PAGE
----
Over in France, throughout most of the baroque period, the basse de violon (“bass violin”) was the bowed bass-line instrument of choice at the French court and in the French theatres. Its size and construction, for all intents and purposes, was the same as the large bass violins over in Italy, but the depth of the basse de violon’s sound was increased by employing B- flat tuning, which simply means that the entire instrument was tuned a whole step lower than the Italian bass violin (C, G, D, A becomes B-flat, F, C, G).  It should be noted that in the famous Vingt-quatre Violons du Roy, the five-part string band founded in 1626 under Louis XIII, there were no double basses—six basses de violon made up the lowest voice of the ensemble, which is a testament to the depth of their sound. Around the turn of the 18th century, solo music started to appear in France for the “violoncelle,” or “petite basse des Italiens.” As the century progressed, instrument makers all over Europe started to cut down the outdated basses so that they could be used as violoncellos, meaning that it is quite rare to find an example in original condition today.   

This brings us to the wonderful new basso/basse de violon that Tafelmusik commissioned for the JLIB collection from the fantastic instrument maker Nate Tabor. When I first approached Nate about the commission, he quickly suggested making a copy of a basso by Simone Cimapane. While Cimapane is not a household name like Stradivari, he was a musician and violin maker living at the end of the 1600s in Rome. The most fascinating detail about his life, however, is that he was a musician in Corelli’s orchestra, and researchers believe that the 1692 basso was used in performances with the orchestra. That the basso has survived in original condition, and that we can trace its pedigree back to a towering giant like Corelli, is phenomenal. The instrument will make its debut on stage in Tafelmusik’s Vive la différence, and in many ways it is the perfect instrument for this program, a concert that celebrates the differences between Italian and French music, as well as the similarities that unite them. The Cimapane instrument from Corelli’s orchestra would have felt completely at home in a sea of basses de violon in an opera by Lully, and it is in this guise (and tuning) that you will hear it in the concert.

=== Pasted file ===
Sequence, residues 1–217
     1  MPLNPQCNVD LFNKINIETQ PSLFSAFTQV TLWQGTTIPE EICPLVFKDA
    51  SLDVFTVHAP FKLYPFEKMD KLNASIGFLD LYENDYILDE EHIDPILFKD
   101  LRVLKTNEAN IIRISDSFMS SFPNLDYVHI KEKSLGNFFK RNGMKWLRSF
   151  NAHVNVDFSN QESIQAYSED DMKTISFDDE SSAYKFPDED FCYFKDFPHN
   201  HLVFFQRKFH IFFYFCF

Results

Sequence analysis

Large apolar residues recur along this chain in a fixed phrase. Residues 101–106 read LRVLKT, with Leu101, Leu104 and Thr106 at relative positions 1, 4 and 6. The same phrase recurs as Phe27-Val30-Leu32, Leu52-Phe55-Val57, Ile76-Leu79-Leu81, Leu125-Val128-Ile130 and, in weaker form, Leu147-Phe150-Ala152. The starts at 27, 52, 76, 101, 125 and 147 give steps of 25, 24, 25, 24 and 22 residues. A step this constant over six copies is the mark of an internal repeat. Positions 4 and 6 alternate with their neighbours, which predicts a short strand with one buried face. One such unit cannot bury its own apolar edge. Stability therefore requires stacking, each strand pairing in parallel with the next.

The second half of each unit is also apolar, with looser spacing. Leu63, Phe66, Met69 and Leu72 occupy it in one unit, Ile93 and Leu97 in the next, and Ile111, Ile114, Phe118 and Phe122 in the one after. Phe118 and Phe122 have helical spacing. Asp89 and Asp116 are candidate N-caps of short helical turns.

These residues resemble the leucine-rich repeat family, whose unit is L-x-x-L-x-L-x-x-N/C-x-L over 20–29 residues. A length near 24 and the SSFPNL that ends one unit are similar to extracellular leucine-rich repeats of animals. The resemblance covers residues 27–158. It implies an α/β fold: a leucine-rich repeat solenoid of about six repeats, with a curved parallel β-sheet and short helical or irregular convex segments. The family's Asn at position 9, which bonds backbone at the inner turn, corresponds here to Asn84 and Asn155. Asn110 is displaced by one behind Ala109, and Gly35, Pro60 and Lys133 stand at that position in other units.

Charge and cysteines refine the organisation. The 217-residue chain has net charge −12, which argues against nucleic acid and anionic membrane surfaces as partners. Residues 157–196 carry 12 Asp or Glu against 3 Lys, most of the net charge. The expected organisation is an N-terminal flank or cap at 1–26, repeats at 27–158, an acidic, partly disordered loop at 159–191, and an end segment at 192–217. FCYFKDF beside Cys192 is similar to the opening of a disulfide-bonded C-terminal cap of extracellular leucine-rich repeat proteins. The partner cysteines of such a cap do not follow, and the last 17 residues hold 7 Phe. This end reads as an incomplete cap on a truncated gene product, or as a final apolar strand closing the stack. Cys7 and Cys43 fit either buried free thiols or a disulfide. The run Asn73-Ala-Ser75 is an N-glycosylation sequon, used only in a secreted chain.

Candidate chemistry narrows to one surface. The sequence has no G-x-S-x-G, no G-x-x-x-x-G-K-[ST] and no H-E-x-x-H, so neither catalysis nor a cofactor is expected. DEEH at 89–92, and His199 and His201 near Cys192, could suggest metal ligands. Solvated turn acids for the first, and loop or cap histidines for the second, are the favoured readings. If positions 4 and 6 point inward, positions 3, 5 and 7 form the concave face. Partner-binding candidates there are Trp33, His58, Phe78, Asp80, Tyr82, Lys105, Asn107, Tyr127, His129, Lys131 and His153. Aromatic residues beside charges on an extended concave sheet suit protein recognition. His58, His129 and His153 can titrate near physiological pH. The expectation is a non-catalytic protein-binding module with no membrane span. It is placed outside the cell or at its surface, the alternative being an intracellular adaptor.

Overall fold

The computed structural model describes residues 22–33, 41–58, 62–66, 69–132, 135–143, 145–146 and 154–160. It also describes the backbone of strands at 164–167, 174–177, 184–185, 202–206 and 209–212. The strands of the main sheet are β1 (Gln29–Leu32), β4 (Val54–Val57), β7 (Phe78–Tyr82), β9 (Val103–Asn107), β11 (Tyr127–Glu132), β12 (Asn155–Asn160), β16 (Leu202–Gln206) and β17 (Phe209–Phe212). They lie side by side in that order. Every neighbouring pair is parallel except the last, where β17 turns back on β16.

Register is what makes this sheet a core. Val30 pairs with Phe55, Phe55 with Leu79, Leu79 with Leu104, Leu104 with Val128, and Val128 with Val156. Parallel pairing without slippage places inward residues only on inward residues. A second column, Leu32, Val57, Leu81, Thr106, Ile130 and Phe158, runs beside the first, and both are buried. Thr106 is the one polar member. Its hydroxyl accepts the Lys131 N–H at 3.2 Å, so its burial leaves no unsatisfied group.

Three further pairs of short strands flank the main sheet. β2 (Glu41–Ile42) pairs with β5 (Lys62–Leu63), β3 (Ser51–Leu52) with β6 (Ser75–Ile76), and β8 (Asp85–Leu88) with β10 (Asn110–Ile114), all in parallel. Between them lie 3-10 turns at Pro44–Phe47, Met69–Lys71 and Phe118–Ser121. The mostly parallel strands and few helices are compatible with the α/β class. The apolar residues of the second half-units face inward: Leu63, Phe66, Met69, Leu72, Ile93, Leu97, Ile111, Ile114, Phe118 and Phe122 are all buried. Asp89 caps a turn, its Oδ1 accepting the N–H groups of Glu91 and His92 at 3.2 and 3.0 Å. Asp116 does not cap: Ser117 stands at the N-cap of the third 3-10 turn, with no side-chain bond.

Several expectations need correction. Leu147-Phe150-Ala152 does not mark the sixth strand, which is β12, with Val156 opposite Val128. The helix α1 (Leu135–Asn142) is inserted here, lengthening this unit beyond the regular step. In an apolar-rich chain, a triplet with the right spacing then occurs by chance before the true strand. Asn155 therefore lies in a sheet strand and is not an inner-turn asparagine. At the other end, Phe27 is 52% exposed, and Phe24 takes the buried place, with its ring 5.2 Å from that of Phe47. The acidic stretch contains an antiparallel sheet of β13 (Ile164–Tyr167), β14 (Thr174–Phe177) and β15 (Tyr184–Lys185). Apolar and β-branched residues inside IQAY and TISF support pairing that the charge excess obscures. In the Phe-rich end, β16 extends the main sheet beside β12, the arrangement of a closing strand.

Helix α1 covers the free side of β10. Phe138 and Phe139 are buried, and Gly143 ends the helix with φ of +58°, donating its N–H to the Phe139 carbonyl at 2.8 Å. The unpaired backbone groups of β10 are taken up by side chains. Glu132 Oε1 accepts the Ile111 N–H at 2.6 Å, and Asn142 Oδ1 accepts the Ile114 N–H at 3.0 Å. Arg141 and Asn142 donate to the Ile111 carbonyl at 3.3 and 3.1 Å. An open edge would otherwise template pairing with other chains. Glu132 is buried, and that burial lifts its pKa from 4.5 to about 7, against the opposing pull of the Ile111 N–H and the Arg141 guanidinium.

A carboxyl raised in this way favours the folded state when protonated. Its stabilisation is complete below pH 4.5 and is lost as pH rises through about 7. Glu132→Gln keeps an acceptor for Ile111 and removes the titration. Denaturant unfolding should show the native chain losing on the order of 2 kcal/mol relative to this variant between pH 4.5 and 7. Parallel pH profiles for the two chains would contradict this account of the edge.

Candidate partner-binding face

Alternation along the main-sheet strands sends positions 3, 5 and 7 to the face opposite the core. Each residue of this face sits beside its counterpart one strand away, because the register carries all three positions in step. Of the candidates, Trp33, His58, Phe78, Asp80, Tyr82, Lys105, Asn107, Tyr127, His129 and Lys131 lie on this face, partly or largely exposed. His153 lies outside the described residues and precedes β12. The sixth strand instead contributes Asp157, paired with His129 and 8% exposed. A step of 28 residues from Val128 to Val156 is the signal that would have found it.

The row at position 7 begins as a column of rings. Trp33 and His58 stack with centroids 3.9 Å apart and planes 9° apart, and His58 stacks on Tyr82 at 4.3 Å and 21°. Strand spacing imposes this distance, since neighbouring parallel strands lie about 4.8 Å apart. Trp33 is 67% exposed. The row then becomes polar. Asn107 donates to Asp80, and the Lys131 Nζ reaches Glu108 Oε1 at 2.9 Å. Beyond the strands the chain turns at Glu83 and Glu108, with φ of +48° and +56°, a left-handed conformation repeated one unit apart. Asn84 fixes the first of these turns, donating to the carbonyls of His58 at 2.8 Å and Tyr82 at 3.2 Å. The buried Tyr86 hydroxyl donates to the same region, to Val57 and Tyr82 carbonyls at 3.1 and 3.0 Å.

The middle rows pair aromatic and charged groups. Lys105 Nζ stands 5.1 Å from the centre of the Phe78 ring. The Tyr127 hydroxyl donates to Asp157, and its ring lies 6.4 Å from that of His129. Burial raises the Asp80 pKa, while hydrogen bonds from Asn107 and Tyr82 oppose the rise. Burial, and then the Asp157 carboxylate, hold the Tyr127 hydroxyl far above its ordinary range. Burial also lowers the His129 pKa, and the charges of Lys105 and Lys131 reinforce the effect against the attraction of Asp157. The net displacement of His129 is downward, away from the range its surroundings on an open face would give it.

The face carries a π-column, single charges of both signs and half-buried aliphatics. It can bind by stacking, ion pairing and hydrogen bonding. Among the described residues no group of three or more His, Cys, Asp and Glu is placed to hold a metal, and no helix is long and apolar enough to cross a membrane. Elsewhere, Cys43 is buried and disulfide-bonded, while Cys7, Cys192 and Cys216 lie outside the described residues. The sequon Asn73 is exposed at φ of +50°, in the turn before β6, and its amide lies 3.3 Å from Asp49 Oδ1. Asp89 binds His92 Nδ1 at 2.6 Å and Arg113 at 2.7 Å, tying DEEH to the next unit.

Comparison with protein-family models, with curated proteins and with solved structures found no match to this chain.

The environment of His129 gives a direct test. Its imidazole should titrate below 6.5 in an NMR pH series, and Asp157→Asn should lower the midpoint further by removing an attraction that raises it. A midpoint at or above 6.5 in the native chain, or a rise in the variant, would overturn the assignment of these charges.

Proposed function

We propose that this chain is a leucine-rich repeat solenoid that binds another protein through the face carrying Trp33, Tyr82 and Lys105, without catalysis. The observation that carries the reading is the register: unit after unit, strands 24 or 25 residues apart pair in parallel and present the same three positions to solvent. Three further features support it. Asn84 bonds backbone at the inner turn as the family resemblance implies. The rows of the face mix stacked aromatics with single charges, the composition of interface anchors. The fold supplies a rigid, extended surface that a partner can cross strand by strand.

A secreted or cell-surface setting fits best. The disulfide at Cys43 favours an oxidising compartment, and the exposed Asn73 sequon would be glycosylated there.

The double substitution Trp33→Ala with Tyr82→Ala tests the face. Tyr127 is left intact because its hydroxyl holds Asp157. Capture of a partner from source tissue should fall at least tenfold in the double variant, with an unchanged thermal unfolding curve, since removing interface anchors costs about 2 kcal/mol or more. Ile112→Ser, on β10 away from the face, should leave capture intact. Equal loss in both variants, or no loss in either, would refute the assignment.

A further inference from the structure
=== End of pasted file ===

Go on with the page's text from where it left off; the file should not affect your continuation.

You will both see and hear the contrast between the cello I’m playing in the Corelli and Muffat works, as well as the soloistic chamber sonata by Couperin, and the new basse de violon in the three French orchestral suites. Vive la différence!

Keiran Campbell was drawn to the cello after he stumbled across one in his grandmother’s basement and was baffled by its size. Once he turned 8, he began taking lessons—on a much smaller cello—in his native Greensboro, North Carolina. After studying extensively with Leonid Zilper, former solo cellist of the Bolshoi Ballet, he received his Bachelors and Masters at the Juilliard School, working with Darrett Adkins, Timothy Eddy, and Phoebe Carrai. Keiran also spent several springs in Cornwall, England, studying with Steven Isserlis and Ralph Kirshbaum at Prussia Cove.

Keiran has performed with ensembles including The English Concert, NYBI, Philharmonia Baroque, The Boston Early Music Festival Orchestra, Four Nations Ensemble, and Les Violons du Roy. He recently performed with Le Concert Des Nations under Jordi Savall, touring Europe performing Beethoven Symphonies before recording them on Savall’s new Beethoven CD. During the summers, Keiran has performed with Teatro Nuovo, Lakes Area Music Festival, and The Carmel Bach Festival. He is also on faculty at the recently formed, UC Berkeley-based, Chamber Music Collective, which focuses primarily on post-1750 performance practice. Recent performance highlights include concerto appearances with Tafelmusik and Philharmonia Baroque Orchestra, a concert of Monteverdi Madrigals with Jordi Savall and Le Concert des Nations in Carnegie Hall, a solo recital with fortepianist Sezi Seskir at the Berkeley Early Music festival, and performances of Handel’s Saul and Solomon with English Concert at the BBC Proms and Edinburgh Festival.

Keiran is also fascinated by instrument making, which he studies with the maker of his cello, Timothy Johnson.